“Weirdly I fell for the corner of this painting first. (top right) It’s colour, it’s texture, its general mood. It was also desirable to me that I could not afford a ‘perfect’ Bacon but that this happened to cross my path! It’s origin was a skip. And from the skip came it’s original paperwork and you can see this unfolding on the first episode of Four Rooms in 2011. I wasn’t as calm as I looked but I couldn’t let this go, as I love so many things about this. The colours – that deep indigo, I can feel that it’s a Bacon through the canvas – the torturedness is there, the brush strokes, you can see how violently it’s been ripped apart. Even down to the wooden stretcher which to me was as important as the whole work. ( metal stretches are so often used now a days.)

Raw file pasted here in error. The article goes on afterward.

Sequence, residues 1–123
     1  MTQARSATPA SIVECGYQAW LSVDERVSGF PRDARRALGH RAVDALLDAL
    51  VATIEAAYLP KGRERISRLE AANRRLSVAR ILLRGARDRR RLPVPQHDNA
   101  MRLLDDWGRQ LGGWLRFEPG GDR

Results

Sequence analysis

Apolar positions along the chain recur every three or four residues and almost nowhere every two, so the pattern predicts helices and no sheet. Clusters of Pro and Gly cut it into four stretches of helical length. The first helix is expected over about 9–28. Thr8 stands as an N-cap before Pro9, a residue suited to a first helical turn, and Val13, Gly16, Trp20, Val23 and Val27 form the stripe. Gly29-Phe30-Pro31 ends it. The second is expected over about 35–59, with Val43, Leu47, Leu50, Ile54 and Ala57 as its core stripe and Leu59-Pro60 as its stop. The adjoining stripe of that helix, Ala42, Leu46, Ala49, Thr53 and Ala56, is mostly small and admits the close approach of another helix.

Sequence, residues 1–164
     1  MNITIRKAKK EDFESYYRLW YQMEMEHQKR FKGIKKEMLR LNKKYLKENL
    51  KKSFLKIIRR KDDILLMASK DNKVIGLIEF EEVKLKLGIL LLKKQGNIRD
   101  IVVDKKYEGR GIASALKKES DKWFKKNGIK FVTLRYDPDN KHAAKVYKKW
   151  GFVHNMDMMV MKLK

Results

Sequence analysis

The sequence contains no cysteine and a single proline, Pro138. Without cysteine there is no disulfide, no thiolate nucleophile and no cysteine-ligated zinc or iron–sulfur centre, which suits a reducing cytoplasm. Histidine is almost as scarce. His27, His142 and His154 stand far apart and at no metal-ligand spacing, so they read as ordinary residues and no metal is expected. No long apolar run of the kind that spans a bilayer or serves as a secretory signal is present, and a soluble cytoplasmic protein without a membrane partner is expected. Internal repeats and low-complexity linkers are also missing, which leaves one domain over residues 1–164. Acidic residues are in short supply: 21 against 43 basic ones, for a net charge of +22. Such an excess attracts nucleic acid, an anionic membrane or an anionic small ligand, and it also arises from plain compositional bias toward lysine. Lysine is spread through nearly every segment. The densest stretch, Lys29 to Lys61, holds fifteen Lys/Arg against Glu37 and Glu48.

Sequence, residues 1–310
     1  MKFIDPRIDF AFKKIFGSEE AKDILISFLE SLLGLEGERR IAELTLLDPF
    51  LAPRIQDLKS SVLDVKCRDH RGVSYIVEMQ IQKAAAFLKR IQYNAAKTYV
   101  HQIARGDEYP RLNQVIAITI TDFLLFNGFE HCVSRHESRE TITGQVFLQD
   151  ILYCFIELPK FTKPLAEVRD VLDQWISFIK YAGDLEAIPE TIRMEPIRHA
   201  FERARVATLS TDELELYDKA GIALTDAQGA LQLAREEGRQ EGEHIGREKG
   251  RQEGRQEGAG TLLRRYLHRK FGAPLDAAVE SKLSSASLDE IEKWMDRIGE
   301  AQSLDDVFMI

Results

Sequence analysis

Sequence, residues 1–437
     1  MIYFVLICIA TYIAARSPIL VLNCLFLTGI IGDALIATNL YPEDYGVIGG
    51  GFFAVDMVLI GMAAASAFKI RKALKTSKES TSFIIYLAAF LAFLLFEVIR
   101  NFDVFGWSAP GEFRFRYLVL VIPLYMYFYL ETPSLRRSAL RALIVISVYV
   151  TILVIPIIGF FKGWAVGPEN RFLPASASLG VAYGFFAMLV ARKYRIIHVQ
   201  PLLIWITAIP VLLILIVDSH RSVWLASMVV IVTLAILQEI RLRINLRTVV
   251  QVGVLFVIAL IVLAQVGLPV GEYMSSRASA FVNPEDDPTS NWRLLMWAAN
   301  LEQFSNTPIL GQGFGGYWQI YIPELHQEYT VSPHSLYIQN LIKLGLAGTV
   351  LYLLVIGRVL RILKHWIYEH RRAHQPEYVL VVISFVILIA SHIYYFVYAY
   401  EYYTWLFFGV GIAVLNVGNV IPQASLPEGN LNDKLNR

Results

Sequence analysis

“The natural world is my passion but to be honest there has always been a slight push/ pull within the confines of taxidermy for me. I don’t like zoos or big game hunting. Nothing that resembles a ‘trophy’. But I like to think of myself as a keeper of the existence of the natural world from a time when the world wasn’t in tune with animals and the planet we live on – especially of rare and endangered species. I love the ‘soft nature’ in the pose of this polar bear. Usually they stand on two feet to illustrate their magnitude, strength and fight. This captures another side and it is how I would like animals to be perceived in the natural world as beautiful and precious.”